Consider the market for eggs. for each of the events listed here, identify which of the factors will affect supply and which will affect demand for eggs.
a) the price of grain that is fed to hens falls
b) the price of bacon falls.
c) a new study is released that indicates that eating eggs is hazardous to one's health.
d) the number of egg-producing farms falls.
e) this weekend is the easter holiday.
Of these options, B, C, and E would affect demand while the other two options would affect supply. To understand why this is so, let us think about the meaning of supply and demand. Supply is the amount of eggs (in this case) that producers will be willing and able to sell at a given price. Demand is the amount of eggs that consumers will be willing and able to buy at a given price.
When the price of grain that is fed to hens falls, it becomes cheaper to produce eggs. When it becomes cheaper to produce eggs, the supply of eggs increases because it is more profitable to produce them. When the number of egg-producing farms falls, the amount of eggs produced will, all other things being equal, fall. So, both of these factors impact supply rather than demand.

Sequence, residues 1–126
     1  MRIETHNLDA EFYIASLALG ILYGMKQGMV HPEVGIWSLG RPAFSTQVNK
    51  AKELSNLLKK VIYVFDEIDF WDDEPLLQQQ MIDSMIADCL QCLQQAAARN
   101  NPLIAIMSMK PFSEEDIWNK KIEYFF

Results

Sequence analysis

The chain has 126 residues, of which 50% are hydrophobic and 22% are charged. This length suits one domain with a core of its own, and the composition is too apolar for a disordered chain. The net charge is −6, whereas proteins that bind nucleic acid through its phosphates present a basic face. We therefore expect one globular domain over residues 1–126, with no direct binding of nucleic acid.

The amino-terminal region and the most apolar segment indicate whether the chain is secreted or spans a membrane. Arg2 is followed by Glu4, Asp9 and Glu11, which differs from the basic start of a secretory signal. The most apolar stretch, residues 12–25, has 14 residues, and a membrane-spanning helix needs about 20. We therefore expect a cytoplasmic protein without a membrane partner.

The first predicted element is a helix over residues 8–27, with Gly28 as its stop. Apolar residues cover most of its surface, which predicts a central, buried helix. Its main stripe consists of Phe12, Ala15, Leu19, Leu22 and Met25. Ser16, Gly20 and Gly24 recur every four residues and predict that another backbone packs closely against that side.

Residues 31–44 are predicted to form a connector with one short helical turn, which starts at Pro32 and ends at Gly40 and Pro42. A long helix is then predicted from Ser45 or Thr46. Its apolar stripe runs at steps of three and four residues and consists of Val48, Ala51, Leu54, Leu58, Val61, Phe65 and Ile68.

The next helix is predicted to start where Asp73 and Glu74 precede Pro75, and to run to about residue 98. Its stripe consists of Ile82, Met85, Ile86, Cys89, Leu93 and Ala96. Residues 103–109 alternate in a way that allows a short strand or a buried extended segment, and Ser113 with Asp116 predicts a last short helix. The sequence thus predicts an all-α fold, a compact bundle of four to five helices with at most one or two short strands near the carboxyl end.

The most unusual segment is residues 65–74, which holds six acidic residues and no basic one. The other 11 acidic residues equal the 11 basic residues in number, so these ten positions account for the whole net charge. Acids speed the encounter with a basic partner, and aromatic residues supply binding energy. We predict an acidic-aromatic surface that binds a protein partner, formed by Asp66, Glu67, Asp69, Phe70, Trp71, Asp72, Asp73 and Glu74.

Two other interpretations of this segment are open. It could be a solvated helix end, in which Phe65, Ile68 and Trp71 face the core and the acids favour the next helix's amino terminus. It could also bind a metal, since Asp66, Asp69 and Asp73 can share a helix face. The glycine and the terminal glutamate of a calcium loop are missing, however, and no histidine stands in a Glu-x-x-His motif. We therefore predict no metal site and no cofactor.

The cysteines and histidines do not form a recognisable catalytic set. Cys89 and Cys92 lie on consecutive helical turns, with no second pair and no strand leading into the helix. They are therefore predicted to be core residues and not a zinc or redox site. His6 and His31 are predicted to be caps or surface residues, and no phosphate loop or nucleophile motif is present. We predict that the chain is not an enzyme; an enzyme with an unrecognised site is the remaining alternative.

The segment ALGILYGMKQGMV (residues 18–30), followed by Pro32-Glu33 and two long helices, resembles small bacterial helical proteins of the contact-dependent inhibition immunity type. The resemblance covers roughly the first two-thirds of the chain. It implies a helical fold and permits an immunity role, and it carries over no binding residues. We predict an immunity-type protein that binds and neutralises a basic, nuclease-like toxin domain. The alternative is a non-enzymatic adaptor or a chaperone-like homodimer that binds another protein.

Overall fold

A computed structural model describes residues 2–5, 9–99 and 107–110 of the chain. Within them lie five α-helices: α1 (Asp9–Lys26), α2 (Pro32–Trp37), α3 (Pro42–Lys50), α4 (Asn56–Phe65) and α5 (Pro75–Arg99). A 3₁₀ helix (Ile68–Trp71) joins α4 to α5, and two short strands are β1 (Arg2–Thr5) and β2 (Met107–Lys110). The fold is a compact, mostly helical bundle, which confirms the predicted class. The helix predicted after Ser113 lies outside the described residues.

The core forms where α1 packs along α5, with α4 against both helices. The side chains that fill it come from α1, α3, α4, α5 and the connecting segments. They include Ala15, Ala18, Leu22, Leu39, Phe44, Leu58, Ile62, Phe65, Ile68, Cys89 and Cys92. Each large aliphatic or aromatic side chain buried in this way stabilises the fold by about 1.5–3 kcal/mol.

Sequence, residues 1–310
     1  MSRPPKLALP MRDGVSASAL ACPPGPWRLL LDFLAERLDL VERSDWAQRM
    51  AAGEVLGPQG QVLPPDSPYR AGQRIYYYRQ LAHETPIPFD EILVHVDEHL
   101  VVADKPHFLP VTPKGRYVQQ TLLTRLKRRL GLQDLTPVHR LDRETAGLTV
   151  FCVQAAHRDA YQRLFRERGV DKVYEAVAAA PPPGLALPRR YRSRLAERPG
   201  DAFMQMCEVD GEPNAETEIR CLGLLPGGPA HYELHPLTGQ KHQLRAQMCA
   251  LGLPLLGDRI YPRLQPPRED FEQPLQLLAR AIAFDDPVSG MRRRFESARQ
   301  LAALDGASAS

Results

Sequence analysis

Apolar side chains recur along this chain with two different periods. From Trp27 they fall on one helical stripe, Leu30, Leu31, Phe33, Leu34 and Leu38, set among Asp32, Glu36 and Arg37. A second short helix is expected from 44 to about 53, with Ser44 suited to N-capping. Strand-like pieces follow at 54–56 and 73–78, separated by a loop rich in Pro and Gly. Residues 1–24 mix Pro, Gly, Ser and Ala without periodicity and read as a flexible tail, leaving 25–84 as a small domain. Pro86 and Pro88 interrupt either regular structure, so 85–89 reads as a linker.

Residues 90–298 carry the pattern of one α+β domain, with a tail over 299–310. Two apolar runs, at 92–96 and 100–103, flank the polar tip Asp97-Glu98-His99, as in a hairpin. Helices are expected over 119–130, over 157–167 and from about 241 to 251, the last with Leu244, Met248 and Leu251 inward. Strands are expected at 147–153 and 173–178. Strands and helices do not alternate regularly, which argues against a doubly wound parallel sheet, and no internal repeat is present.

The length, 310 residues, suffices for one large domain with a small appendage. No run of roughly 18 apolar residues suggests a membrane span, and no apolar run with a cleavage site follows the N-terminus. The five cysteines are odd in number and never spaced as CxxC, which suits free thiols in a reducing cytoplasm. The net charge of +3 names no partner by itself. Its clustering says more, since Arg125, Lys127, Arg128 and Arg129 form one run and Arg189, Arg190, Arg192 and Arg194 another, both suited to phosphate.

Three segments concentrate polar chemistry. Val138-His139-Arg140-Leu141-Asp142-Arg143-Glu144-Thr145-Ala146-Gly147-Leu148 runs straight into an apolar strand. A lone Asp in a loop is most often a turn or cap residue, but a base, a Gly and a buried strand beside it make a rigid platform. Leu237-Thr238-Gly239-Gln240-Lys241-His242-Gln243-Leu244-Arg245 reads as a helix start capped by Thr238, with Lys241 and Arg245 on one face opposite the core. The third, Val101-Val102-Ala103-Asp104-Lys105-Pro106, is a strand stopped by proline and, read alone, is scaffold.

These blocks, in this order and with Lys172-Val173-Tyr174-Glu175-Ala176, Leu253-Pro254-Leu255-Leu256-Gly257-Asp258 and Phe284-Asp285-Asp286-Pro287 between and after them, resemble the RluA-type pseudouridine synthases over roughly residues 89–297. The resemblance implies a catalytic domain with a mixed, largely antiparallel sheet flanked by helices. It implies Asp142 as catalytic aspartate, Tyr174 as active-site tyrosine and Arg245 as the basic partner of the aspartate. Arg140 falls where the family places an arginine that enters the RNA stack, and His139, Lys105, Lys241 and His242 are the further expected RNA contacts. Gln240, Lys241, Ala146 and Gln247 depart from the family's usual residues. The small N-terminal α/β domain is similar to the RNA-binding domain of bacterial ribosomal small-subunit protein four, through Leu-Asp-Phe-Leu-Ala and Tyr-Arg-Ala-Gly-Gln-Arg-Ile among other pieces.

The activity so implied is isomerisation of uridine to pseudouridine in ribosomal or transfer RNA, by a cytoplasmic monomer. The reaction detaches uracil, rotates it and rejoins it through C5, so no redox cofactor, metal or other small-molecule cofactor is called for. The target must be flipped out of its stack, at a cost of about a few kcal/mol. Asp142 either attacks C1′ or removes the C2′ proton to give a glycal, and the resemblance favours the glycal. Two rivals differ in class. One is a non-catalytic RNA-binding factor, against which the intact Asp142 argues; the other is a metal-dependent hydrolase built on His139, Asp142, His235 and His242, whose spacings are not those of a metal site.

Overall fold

When the price of bacon falls, demand for eggs will go up. This is because (we are assuming) people tend to eat bacon and eggs together (they are called “complementary goods”). If bacon is cheaper, people will buy more of it and will need to buy more eggs to go along with the bacon.
By contrast, if studies indicate that eggs are bad for you, people will not want to eat eggs as often. This will reduce the amount of eggs that people are willing and able to buy. This is known as “consumer tastes.” Finally, if this weekend is Easter, more people will buy eggs because they need them to dye for Easter. This, too, is consumer tastes.